A case for recognizing the consequences of traumatic head injuries—and developing support systems for people who suffer
The land mine blast ripped off his helmet cover, coming at him in fiercely powerful waves. In the helicopter he awoke dizzy, gagging, and with a terrible headache. He remembered nothing. He was hospitalized for three days and returned to combat 10 days later. For a month, the headaches persisted. He then sustained three other injuries within 36 hours—he survived a mortar shelling; an anti-tank mine rolled his Humvee over; and a roadside bomb exploded under his Humvee, slamming his head against the steering wheel. His headaches became extreme and continuous. He was medically discharged.
In earlier eras, this soldier probably would have been dead, but in modern war, improvements in protective gear are saving so many lives like his. The head injuries sustained by this soldier are a common kind of residual damage. They even have a medical name, Traumatic Brain Injuries, or TBIs—which leave members of our military with debilitating migraine headaches that go on long after they return to civilian life.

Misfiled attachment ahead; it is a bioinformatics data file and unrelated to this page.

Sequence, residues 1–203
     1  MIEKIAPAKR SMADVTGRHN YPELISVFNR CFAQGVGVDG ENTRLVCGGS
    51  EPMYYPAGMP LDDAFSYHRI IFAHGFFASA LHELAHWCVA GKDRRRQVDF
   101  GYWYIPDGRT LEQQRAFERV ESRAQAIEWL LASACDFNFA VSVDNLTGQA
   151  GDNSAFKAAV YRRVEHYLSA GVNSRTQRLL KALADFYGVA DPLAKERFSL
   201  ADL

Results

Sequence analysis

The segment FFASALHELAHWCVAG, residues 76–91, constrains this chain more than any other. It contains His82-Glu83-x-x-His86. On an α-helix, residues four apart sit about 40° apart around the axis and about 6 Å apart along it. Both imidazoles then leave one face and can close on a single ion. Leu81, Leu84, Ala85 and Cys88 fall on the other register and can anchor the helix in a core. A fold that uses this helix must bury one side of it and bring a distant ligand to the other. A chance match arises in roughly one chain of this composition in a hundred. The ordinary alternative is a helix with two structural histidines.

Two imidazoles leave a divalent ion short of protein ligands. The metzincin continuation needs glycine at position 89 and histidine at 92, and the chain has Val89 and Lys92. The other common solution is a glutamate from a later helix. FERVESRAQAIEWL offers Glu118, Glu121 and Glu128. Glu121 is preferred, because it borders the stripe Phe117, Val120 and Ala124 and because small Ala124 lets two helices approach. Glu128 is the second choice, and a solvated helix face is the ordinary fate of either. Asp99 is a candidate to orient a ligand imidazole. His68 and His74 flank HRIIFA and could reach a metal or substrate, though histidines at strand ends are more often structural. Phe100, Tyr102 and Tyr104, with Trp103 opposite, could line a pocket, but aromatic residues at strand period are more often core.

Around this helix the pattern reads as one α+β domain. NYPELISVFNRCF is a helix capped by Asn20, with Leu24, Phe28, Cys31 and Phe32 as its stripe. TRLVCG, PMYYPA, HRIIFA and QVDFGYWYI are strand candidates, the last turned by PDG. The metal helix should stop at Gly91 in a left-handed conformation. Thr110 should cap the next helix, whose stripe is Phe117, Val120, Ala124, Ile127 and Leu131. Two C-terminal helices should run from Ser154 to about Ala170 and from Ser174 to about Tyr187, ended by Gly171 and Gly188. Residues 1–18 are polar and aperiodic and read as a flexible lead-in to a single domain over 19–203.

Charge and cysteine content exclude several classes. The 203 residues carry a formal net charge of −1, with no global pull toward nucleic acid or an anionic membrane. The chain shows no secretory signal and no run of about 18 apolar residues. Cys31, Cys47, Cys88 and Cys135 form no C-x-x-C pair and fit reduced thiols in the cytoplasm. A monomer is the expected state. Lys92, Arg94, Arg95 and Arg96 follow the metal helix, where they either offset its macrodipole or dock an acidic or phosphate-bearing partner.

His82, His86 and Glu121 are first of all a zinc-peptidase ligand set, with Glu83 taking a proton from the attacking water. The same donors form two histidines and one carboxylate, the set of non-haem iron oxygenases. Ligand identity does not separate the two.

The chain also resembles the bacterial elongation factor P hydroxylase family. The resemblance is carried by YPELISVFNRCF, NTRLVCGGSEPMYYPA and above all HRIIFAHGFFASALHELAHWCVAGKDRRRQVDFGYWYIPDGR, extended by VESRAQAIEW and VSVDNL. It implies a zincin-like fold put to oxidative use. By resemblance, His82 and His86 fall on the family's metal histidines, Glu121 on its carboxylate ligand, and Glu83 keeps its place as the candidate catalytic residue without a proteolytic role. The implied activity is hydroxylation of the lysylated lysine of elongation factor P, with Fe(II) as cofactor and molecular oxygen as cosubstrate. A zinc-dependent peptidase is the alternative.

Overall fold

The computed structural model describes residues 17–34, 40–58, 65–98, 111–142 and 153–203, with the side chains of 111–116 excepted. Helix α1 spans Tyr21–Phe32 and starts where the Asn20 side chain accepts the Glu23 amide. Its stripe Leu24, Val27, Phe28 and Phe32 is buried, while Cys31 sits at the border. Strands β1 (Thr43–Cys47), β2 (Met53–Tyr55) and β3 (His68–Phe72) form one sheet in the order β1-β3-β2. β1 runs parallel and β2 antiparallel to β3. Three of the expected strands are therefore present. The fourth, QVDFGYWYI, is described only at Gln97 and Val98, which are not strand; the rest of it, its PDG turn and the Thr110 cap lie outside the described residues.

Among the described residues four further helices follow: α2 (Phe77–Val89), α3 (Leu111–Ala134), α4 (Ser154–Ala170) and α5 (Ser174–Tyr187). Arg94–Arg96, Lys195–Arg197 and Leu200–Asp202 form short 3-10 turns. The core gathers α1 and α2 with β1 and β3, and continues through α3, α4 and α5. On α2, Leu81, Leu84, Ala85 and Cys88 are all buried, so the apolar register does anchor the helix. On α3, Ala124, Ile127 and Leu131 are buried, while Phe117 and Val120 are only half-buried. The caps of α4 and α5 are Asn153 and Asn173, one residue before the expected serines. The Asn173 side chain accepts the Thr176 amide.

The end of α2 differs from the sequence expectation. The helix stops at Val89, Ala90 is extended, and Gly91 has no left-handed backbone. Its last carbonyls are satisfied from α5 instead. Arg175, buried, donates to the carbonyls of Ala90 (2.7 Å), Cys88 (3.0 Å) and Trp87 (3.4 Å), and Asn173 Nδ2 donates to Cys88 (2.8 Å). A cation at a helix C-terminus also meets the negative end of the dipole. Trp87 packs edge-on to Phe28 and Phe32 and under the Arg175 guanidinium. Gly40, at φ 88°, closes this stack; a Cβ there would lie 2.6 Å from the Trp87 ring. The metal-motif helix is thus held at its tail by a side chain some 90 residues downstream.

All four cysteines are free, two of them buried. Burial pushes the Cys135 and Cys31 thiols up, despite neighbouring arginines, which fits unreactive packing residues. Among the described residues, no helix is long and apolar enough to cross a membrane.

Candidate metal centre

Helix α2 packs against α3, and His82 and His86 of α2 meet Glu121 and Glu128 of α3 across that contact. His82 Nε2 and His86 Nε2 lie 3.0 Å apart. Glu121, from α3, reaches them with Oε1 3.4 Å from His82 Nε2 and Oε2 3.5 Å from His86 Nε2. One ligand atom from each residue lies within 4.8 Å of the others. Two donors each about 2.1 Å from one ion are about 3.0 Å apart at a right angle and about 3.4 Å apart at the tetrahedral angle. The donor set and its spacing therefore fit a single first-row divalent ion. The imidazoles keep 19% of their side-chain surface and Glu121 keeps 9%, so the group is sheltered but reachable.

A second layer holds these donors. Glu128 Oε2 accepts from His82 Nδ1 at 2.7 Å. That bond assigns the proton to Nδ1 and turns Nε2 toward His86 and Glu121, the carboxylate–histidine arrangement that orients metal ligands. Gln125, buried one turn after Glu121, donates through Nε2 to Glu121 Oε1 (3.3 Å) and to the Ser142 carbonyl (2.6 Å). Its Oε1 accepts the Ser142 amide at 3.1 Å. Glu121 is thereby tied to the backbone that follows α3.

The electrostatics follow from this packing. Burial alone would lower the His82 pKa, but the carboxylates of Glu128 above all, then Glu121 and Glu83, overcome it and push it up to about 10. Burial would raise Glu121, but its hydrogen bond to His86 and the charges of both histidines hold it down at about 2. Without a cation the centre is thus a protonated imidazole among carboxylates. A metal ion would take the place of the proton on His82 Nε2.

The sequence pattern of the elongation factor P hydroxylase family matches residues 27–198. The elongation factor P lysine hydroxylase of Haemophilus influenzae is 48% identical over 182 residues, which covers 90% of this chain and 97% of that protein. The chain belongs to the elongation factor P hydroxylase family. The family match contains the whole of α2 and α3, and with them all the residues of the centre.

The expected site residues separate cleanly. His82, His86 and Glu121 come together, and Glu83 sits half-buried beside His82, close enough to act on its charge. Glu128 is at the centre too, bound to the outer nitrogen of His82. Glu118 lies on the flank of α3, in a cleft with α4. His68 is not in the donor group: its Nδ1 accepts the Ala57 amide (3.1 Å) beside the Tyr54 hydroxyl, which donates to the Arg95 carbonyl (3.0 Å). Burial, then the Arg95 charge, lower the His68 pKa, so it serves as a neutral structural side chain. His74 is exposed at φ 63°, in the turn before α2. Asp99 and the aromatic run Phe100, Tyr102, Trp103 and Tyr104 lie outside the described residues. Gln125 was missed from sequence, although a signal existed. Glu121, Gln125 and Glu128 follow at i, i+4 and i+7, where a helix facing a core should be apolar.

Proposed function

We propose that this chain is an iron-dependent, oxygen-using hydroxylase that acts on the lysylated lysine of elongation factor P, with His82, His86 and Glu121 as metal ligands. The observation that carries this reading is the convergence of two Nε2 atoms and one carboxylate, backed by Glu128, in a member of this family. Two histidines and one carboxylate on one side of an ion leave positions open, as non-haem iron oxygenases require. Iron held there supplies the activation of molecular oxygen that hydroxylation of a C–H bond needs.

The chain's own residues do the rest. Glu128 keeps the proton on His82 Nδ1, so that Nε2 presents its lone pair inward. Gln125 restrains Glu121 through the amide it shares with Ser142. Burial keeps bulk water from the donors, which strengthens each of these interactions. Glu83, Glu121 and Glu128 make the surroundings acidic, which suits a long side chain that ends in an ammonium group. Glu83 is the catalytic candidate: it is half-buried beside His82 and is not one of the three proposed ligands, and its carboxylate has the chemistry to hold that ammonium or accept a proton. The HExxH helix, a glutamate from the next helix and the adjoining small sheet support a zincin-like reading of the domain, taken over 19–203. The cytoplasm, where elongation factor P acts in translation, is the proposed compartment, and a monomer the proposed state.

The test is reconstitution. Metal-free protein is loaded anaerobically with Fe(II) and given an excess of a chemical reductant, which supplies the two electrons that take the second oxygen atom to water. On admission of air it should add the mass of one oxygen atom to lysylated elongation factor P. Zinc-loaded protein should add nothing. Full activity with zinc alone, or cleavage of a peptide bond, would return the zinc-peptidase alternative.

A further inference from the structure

This is a different kind of headache—a type that originates in nerves damaged by the twisting and shearing action of combat or by "overpressure," blast waves that come off bombs at twice the speed of sound and compress everything in their wake. The problem is surprisingly common: About one-third of returning soldiers say they have migraine pain in the first months after coming home. In 2009, there were almost 23,000 active-duty soldiers with TBI. These highly disabling migraines represent the most common reason for service women and men to seek a neurologist's care. Yet these headaches are often poorly understood by friends and family—and medical professionals often don't know how to treat them.